Steelworkers pleaded with members of a House committee yesterday to pass a clean bill extending unemployment benefits to workers impacted by the Iron Range mining slowdown, but they couldn’t convince Republicans, who continued holding the relief package hostage for $271 million in tax cuts for businesses.
“Believe me, this is not an easy thing for us proud Iron Rangers to do,” Cliff Tobey, president of United Steelworkers Local 2660, told members of the House Job Growth and Energy Affordability Committee.
Tobey and another laid-off Steelworker traveled to St. Paul to testify in favor of extending benefits by 26 weeks for workers impacted by the crisis, which was triggered by an influx of cheap foreign steel that flooded the U.S. market and left ore prices at a 10-year low.
Most of the region’s 11 mining outfits have issued layoffs in the last 12 months, and by the time the legislative session starts Tuesday, about 1,200 Iron Range workers will have exhausted their unemployment benefits.
Toby urged committee members to pass the extension “without attaching unnecessary demands,” but Republicans couldn’t resist including a tax rebate for businesses that pay into the state’s unemployment insurance fund.
The bill passed the committee over objections from members of the DFL minority, who said the two issues – extending benefits for steelworkers and reforming the state’s unemployment insurance system – deserve separate consideration.
Rep. Jason Metsa, whose District 6B includes the heart of taconite mining country, choked up as he appealed to his Republican colleagues.
“These guys gotta go back to their families and their friends and tell them we didn’t get it done,” Metsa said of the Steelworkers who testified. “Let’s do the right thing and set these (issues) on two different tracks.”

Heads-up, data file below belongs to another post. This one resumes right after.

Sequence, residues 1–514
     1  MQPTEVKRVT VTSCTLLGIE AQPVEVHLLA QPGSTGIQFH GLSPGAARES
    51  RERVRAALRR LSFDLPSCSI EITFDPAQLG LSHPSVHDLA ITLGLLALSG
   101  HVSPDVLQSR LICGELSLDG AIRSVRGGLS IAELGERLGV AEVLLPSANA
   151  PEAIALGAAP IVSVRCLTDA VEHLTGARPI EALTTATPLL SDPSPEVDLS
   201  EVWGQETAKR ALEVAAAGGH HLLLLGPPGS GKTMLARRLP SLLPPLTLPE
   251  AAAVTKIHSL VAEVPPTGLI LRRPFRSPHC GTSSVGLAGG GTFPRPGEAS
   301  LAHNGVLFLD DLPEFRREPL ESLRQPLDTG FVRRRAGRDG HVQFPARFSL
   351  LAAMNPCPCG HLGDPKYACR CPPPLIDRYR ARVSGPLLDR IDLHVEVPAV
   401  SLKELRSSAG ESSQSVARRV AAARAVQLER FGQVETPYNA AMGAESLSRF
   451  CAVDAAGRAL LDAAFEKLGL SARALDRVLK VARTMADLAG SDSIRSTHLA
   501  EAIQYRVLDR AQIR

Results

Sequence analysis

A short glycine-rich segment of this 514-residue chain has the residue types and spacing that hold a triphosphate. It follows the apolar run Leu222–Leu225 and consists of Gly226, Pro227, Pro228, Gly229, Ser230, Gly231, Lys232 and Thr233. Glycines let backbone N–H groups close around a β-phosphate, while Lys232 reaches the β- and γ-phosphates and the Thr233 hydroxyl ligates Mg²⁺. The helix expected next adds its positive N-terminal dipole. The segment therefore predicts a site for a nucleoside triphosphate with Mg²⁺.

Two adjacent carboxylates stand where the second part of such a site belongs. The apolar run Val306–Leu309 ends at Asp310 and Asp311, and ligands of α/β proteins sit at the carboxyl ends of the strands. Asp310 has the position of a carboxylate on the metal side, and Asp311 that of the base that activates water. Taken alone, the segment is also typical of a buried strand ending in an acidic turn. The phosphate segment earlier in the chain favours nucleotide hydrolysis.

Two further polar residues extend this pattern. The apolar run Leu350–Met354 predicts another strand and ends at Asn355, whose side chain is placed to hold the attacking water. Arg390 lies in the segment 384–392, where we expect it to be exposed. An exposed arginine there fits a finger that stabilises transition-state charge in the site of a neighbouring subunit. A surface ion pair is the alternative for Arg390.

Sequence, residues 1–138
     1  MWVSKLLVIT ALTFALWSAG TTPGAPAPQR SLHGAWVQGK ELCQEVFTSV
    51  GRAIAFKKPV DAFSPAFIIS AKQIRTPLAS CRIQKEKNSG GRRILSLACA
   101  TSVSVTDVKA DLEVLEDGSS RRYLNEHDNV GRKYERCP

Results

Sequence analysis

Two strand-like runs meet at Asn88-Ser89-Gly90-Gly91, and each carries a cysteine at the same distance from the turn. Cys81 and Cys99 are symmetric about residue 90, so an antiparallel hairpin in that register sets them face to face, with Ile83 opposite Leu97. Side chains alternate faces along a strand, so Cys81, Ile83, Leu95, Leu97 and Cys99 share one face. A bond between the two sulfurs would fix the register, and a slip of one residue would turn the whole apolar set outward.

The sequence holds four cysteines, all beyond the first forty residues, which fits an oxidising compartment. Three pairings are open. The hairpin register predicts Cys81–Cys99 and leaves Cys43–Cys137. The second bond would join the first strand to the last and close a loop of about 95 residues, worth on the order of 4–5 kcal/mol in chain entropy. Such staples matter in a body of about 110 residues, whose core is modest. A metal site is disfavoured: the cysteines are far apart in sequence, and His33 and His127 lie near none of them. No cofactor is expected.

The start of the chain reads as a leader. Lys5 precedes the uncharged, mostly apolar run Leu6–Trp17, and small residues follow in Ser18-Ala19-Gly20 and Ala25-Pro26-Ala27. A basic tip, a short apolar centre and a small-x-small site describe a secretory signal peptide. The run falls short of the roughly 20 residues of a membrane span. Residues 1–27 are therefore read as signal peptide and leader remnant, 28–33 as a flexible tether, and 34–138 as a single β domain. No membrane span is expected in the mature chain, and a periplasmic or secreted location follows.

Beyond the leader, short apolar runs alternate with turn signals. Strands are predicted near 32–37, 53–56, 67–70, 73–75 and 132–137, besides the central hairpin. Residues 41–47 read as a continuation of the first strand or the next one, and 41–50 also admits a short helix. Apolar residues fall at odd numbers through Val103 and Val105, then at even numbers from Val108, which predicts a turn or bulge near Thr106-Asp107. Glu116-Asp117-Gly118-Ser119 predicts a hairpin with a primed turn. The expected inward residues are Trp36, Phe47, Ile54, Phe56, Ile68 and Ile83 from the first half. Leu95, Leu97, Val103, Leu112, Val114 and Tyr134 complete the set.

The committee’s vote cast doubt on whether lawmakers will be able to pass an extension of benefits during the first week of session, a goal set by Gov. Mark Dayton and legislative leaders.
The Minnesota Department of Employment and Economic Development estimates mining companies have laid off 2,000 workers since March 1, 2015, and the slowdown has impacted an additional 4,700 Iron Range workers in mining-related jobs.
DEED has crafted a relief package to extend benefits for about 2,750 workers at a cost to the unemployment insurance trust fund of $29.7 million. The Republican tax break would siphon nearly 10 times that amount from the state’s unemployment trust fund, leaving its balance below federal guidelines, DEED Commissioner Katie Clark Sieben said.
“We know that a recession can deplete reserves quickly,” Sieben warned.
In 2009, for example, the unemployment fund paid out $1.7 billion – more than its current $1.57 billion balance. Faced with $1.4 billion in claims in 2010, the fund was forced to borrow from the federal government to meet its obligations, a debt that took almost three years to pay back.
“Putting the future solvency of our unemployment insurance trust fund at risk is unconscionable,” Minnesota AFL-CIO President Bill McCarthy told the committee.
But with each additional day Republicans play politics with the issue, more Iron Range families see their benefits disappear.
Tobey, a third-generation miner, said his local has 360 members “out on the street right now trying to feed their families, trying to pay their mortgages, trying to get by.” He questioned whether Republicans would insist on business tax cuts before providing flood relief or assistance in the wake of a bridge collapse.
“We have no more control over other countries flooding our market (with cheap steel) than the people of Minnesota have over falling bridges and flooding rivers,” he said.